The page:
3. The car tax goes up by 0.8%. So if each car increases by $300, they would be valued at $37,500 each. That seems like a lot for a 4 year old car, let alone to have 2 of them for 1 person.

      Many adults in the region are renters, not homeowners, so that will bring the median down.

      1. We can’t really know how individual renters will be affected, as property tax costs are only one variable in what a landlord might charge — and perhaps not a variable at all, if you presume that rents are driven purely by what the market will bear, in classical economics. But for guesstimating purposes, Sound Transit presumes in its $169/adult figure that renters eat all the property tax increases in their apartments units.

      2. Interesting how until now agencies have always measured their tax costs in dollars per family, or per household. Apparently that number looked too high, so now ST is using cost per adult resident.

      3. Rents have gone up faster than taxes or inflation since 2000, so landlords can reach into the free windfall they’ve been making the past fifteen years to pay for increased taxes.

    4. Another key point that needs to be made over and over again is sub area equity. Since tax rates are the same across the Sound Transit region, Seattle (with our high property values) is going to produce a LOT more revenue that Pierce or Snohomish County. ST handles this by building more and better projects in Seattle. Thus, we are getting multiple transit lines while Everett and Tacoma just get one line.

      I hope voters in Pierce and Snohomish Counties realize that their tax revenue is staying at home. They are NOT subsidizing Seattle.

  2. I thought the legislature authorized $15 billion in taxes. How can ST afford $20 billion, much less $54 billion?

    Once again, this relates to reporting conventions.

    There’s also the maybe not so little matter of the possibility of federal grant money. It is very, very rare for any of these projects to get 0% federal funding, though San Diego built some of their light rail lines that way because they found it was actually cheaper to do that than expending a bunch of time and energy jumping through hoops to get the grants.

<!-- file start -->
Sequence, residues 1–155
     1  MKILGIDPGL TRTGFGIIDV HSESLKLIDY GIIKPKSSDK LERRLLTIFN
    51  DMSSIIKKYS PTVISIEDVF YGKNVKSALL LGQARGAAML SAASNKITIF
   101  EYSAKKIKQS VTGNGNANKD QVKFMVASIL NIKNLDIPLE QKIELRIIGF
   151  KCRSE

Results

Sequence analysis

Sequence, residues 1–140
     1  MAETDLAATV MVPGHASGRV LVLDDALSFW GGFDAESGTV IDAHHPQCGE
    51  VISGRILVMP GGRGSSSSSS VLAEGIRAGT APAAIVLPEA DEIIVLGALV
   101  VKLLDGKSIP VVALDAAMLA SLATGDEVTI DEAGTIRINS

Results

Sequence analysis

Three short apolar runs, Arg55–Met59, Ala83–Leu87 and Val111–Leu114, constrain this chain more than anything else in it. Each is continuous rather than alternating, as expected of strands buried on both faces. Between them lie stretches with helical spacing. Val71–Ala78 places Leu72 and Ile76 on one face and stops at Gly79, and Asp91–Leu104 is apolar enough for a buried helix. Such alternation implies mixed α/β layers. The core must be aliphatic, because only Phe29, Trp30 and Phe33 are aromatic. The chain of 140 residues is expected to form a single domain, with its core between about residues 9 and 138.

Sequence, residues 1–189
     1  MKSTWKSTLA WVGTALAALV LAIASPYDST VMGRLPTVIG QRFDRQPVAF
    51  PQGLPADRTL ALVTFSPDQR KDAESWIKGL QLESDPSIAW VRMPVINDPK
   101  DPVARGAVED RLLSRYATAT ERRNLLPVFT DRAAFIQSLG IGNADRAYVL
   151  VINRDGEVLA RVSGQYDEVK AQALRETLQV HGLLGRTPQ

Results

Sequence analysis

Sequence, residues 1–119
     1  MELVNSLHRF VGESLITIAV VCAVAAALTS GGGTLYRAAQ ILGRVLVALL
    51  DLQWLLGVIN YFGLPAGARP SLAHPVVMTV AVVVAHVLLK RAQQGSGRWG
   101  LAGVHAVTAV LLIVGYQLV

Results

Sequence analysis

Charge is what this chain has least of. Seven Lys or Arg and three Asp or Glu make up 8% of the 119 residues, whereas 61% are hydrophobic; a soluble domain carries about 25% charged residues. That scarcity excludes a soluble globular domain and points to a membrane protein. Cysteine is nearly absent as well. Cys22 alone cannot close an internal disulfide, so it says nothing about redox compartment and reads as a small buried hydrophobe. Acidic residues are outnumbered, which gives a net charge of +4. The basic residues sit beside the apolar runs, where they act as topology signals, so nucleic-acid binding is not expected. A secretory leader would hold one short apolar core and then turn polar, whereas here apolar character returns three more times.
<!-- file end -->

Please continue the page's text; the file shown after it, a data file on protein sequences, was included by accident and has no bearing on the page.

There’s a whole range of stuff about the FTA’s Capital Investment Grant Program but it is really hard to estimate what it will provide.

    1. Indeed, CEO Rogoff has mentioned that some projects may be cheaper without federal funding, when the strings attached cost more than what the federal grant gives.

  3. I really appreciate the work you’ve done to break this all down. It obviously gets complicated. Personally I find the “cost per person” calculator to be wanting. We don’t have a progressive tax system, so despite more reliance on property taxes than a lot of proposals, it certainly will be a hit for some working class people. What interests me more is how this compares to other government spending.

    There are a couple pieces that make that even more complicated. One is subarea equity. How much are we going to spend in Seattle or Tacoma, for example, compared to how much is spent on local bus service. What if we just doubled the number of service hours (doubling frequency) across the board? How much would that cost (in comparison)? What about spending on other government programs. For example, how much would it cost to actually pay for Seattle’s day care initiative (give every kid free day care) compared to this?

    The other thing that I find very frustrating about the various projects is that they don’t break down the individual elements of each project. Or at least I haven’t read anything that has done so. For example, how much does the new downtown tunnel cost versus the new bridge? They get lumped together, which makes it harder to propose alternatives. Just to be clear, this is not a criticism of this blog — I think you have done a great job breaking it out as much as you can do — but of Sound Transit, for not releasing that information.

    1. One of the ST appendix documents does a good job breaking down revenue sources and project expenditures by subarea. However, that still lumps things like “Ballard Light Rail” into a single line item.